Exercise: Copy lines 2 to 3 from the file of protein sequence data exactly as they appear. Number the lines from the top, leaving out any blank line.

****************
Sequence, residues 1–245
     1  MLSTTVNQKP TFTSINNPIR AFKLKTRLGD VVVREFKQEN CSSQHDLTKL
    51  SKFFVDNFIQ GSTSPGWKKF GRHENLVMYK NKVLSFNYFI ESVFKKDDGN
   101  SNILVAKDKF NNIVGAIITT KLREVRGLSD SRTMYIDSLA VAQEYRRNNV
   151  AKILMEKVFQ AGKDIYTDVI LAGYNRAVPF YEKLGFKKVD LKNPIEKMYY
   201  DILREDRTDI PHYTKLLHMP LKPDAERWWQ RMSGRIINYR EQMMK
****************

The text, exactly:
     1  MLSTTVNQKP TFTSINNPIR AFKLKTRLGD VVVREFKQEN CSSQHDLTKL
    51  SKFFVDNFIQ GSTSPGWKKF GRHENLVMYK NKVLSFNYFI ESVFKKDDGN